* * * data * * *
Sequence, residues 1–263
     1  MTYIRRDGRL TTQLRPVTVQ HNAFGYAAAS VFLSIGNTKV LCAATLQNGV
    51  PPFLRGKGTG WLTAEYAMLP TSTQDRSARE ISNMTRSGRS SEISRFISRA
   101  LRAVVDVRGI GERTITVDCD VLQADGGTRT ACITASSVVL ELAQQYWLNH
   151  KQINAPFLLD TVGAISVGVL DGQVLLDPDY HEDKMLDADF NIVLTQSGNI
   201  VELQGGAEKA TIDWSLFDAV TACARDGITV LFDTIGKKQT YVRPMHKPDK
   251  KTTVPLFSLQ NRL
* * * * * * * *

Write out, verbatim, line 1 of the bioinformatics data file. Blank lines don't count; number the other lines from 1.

Sequence, residues 1–263